The Panama Hat: Ecuadorian elegance and cultural heritage

The Panama hat, with its elegant allure and rich history, is much more than just a fashion accessory. Originating in Ecuador, this hat has crossed centuries and borders, becoming a symbol of refinement and an ambassador of Ecuadorian craftsmanship.


History and origins

"Tocas" -  The Sisters of Mercy, Browne Henriett

“Tocas” – The Sisters of Mercy, Browne Henriett

Despite its name, the Panama hat is deeply rooted in Ecuador’s cultural heritage. Its history begins long before the modern era, with evidence of its use dating back to the Valdivia culture around 4000 B.C. Renowned for its finesse and resistance, this hat has always been woven from “paja toquilla“, a fibre extracted from the Carludovica palmata tree.

In the 17th century, the Spanish were impressed by the finesse of the weaving and called on the skills of these craftsmen to make the traditional toques for nuns (tocas), giving rise to the term “toquilla”.

But it was in the early 20th century that they gained in popularity. During the construction of the Panama Canal, workers adopted this hat to protect themselves from the scorching sun, which helped popularise its erroneous name. Theodore Roosevelt’s visit to the canal site in 1906, hat on head, immortalised the “Panama hat” in the world imagination.



Crédit : UNESCO

Credit: UNESCO

Making an authentic Panama hat is an art that requires precision and patience. The weaving begins with the rosette at the top of the cap, a task so meticulous that the most upmarket models can take up to ten months to weave. The entire process illustrates a skill that has been handed down from generation to generation, making each hat a unique piece, which explains why some hats can cost tens of thousands of euros.

Panama hats are distinguished by three main types of weave: Montecristi, Brisa, and Cuenca, each offering different degrees of finesse and style. The top-of-the-range Montecristi hats are famous for their extremely fine weave, which is so tightly woven as to be waterproof.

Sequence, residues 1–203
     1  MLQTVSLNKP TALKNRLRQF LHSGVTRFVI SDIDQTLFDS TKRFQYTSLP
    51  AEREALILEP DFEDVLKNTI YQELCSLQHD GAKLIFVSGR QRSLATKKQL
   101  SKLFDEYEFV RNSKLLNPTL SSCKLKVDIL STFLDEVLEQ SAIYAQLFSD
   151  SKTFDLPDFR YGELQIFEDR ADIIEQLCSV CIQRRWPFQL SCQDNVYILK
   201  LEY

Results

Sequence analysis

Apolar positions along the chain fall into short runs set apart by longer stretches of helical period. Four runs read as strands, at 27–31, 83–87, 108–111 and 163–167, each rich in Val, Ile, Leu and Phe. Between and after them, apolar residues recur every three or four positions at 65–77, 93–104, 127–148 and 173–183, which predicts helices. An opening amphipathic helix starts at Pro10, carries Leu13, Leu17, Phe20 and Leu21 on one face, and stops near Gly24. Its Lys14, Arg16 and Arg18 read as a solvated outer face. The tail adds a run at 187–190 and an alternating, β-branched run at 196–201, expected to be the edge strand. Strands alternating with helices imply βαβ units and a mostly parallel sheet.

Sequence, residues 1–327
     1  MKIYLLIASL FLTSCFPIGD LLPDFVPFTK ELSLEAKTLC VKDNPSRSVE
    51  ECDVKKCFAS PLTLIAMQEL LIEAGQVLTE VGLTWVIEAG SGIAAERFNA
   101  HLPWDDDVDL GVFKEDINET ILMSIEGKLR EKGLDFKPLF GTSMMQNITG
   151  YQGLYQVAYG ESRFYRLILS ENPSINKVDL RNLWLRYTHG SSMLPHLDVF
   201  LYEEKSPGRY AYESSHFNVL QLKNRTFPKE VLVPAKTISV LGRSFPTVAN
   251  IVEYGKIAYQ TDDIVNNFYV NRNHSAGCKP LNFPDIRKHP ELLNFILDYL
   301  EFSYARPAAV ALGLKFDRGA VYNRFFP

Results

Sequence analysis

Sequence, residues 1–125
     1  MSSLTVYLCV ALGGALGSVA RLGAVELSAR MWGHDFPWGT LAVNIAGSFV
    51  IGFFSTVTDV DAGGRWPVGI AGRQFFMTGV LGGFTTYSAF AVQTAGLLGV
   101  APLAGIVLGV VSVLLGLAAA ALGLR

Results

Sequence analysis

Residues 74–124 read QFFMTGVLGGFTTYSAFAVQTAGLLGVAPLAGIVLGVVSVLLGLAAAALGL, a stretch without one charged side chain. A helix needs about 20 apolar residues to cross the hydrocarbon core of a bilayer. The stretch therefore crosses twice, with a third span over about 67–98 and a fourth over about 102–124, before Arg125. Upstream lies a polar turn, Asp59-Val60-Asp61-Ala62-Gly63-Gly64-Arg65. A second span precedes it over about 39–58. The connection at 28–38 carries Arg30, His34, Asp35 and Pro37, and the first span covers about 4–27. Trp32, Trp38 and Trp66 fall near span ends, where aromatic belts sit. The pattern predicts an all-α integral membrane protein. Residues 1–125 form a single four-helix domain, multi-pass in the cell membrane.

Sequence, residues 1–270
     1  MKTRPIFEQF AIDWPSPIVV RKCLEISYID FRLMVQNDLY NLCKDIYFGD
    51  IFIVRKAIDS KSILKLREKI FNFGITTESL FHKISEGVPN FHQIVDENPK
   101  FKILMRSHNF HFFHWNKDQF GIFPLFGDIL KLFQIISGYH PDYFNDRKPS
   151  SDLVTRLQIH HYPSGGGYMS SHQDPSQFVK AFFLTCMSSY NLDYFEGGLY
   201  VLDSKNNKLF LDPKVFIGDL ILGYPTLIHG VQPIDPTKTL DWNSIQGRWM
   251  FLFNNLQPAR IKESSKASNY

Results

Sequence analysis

Recognition and Heritage

Crédit : Owly

Credit: Owly

In 2012, UNESCO recognised Ecuador’s expertise in making Panama hats by including it in the Intangible Cultural Heritage of Humanity. This recognition underlines the importance of preserving this craft tradition not only for its aesthetic value but also for its cultural and economic importance.

Today, the Panama hat is more than just headgear. It is a symbol of Ecuador’s rich culture and craftsmanship, representing a unique blend of tradition and style. It is a luxury product that continues to attract fashion lovers from all over the world, having become an attribute linked to iconic events such as the French Open tennis tournament, and later Wimbledon, where it is worn by spectators on sunny days.



Our article: Baños de Agua Santa, Ecuador’s Hidden Charm



With this rich history and global recognition, the Panama hat continues to fascinate and inspire, a remarkable example of how a handcrafted object with its origins in a deep history can become a timeless international fashion icon.


New flights from Boston and Philadelphia to Guanacaste
New flights from Boston and Philadelphia to Guanacaste

LATAM NEWSNew flights from Boston and Philadelphia to GuanacasteGuanacaste airport, a key gateway to Costa Rica, continues to expand its international connections, making it easier for travellers from all over the world to reach this popular destination. Two new...

read more

Share this article: